It was held in an amazing city — Chicago. I brought along my husband and son, and they had a ball going to two Cubs games while I was at the conference. We had a great time in the evenings, going out for deep-dish pizza, seeing an amazing Second City performance. (Can't wait to see some of these folks on Saturday Night Live one of these days. Such talent! And guts!)

And I even showed my son that *I* had guts. We went to the Gospel Brunch at the House of Blues, and I ended up on stage, dancing with about 20 other people. And my 13-year-old didn't die of embarrassment — although I'm sure he thought he might!

BlogHer '10 will be held in New York City next August. Want to go? Make your reservations soon. This year it sold out.


Protect Your Kids on Social Networks

Tuesday, July 21st, 2009

As many of you know, I've been working as Consumer Reports' social media reporter since February. I love this work, and it fits so well with my commitment to sharing important consumer news with parents right here on Parent Talk Today.

I usually do my work for the organization as @CReporter on Twitter. But my editors also asked me to write a Consumer Reports blog post, "Eight Ways to Protect Your Kids on Social Networks," which talks about how to keep kids safe on Twitter, Facebook, MySpace, etc.

Nancy Willard, director of the Center for Safe and Responsible Internet Use, advises parents, educators, librarians and policy makers on how kids can use the Web safely. Her advice in this post can help keep your kids safe.

For more on information on surfing the Web safely, visit the Consumer Reports Guide to Online Security.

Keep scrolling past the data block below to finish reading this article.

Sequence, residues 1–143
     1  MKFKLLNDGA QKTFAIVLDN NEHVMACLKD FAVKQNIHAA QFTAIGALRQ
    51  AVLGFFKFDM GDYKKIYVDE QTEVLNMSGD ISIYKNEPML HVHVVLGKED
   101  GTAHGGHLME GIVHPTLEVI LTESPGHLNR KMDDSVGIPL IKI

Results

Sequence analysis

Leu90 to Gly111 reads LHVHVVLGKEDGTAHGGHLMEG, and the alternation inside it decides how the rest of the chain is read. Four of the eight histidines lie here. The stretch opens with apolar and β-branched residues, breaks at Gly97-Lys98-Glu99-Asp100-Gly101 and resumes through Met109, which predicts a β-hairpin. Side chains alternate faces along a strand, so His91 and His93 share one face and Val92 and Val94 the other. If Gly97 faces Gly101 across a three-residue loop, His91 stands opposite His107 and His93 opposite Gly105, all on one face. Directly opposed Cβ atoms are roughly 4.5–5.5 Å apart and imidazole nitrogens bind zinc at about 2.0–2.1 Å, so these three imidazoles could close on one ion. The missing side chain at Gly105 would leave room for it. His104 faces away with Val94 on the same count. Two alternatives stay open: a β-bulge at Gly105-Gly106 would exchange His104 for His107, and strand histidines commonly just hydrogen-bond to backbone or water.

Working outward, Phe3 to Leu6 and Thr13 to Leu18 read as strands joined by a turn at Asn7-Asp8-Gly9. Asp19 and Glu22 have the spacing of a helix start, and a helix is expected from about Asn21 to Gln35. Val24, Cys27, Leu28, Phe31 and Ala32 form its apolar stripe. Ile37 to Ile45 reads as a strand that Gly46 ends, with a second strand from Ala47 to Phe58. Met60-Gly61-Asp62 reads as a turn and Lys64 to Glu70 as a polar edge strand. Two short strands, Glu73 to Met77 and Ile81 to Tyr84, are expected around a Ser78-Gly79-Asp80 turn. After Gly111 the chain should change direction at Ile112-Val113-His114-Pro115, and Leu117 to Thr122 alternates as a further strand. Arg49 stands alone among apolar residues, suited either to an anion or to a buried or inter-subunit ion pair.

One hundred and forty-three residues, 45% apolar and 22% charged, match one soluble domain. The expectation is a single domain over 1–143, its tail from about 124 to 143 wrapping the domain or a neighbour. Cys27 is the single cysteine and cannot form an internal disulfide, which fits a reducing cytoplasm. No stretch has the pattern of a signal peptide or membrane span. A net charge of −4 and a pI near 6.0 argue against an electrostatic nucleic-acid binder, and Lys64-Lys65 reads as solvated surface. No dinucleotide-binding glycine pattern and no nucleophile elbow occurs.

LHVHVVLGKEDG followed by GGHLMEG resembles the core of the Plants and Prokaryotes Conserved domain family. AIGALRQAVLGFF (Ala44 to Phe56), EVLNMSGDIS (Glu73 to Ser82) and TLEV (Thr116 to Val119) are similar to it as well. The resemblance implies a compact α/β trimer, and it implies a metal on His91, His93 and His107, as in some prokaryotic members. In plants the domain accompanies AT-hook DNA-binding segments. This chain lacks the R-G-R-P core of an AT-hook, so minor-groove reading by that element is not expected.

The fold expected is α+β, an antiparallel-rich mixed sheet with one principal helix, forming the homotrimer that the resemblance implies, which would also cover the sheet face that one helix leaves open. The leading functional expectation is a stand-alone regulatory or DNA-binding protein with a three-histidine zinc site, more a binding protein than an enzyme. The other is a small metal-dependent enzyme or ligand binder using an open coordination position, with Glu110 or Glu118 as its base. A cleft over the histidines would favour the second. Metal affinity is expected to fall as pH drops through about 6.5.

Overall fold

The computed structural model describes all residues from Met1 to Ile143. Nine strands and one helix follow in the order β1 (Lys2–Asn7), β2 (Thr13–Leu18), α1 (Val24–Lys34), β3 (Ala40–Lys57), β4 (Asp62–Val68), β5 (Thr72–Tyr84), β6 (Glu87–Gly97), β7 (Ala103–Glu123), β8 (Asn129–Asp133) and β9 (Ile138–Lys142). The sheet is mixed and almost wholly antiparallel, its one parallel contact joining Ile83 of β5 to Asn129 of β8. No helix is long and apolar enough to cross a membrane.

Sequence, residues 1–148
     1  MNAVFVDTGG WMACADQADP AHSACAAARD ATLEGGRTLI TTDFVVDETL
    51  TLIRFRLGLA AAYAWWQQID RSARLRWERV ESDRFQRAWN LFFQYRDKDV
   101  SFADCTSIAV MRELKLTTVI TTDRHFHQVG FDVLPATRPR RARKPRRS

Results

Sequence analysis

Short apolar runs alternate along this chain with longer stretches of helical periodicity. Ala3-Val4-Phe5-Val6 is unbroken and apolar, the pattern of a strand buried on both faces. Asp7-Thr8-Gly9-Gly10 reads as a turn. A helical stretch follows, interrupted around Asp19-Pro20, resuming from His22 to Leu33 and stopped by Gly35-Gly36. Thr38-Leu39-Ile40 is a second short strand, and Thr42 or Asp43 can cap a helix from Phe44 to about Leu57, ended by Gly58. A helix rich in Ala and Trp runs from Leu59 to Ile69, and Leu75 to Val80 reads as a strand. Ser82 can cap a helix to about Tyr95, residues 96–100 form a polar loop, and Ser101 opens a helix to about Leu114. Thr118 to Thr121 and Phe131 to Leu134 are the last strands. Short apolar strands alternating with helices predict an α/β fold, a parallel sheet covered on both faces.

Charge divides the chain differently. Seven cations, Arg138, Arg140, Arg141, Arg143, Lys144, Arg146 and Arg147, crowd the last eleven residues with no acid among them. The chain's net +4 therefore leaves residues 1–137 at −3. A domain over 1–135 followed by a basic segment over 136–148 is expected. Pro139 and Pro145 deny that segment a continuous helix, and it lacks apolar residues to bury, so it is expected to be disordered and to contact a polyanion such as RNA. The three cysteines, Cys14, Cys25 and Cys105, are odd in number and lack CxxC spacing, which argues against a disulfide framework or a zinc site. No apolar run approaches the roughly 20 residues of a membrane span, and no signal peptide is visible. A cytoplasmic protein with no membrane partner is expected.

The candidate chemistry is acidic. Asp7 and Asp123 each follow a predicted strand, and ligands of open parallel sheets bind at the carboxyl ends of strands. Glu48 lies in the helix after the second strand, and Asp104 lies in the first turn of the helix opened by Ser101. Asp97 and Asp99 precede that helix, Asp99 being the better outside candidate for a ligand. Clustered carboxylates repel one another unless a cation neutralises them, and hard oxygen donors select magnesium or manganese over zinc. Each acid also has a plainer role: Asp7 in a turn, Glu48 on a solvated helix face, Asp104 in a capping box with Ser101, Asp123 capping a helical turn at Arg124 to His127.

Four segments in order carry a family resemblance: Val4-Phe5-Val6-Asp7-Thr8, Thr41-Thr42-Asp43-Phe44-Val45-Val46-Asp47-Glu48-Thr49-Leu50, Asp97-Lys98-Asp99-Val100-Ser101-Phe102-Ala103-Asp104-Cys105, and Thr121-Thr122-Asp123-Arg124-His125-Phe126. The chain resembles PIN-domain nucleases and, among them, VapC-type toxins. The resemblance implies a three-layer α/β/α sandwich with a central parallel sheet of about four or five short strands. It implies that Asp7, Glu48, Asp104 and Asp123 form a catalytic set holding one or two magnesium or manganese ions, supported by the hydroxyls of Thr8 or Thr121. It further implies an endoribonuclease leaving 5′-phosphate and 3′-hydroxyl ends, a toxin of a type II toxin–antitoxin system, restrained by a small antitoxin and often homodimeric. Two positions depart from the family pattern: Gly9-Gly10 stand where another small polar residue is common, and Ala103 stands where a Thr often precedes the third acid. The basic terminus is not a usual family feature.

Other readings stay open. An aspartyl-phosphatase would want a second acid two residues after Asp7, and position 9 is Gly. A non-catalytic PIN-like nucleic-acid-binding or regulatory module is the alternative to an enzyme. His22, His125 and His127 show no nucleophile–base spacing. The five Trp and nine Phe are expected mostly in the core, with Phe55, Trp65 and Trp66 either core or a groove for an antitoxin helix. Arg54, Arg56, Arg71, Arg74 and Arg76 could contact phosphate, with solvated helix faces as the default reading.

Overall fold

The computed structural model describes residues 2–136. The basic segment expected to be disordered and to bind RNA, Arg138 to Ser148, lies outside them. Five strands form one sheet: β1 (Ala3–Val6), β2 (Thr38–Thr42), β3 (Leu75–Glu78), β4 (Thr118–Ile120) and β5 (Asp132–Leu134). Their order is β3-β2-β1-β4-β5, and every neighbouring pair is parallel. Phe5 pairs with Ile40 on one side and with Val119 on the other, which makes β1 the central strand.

Keep Kids Safe When Using Inflatable Slides, Jumpers

Tuesday, July 14th, 2009

A post on the Consumer Reports Safety Blog, "Inflatable Accidents Are Up, Up and Away," caught my eye yesterday, and I wanted to share it with you. 

(Disclosure: I work part-time as the social-media reporter for Consumer Reports at @CReporter on Twitter. Actually, it's a job that comes in very handy for me as a parenting writer, because I learn about these issues from folks who really know how to test equipment and check on safety issues.)

Recently an 11-year-old boy flew 40 feet into the air, clinging to a poorly anchored inflatable slide that was caught by a gust of wind. Fast-thinking parents punctured the slide and brought it back to earth before the boy was injured.

But, as CR notes: "The newest numbers from the Consumer Product Safety Commission, which
were last updated in 2005, are sobering. The CPSC reported four
fatalities in inflatable-related accidents from 2002 to 2005. In 2004,
the most recent year for which we found complete data,
inflatable rides, such as inflatable slides and bouncers, accounted for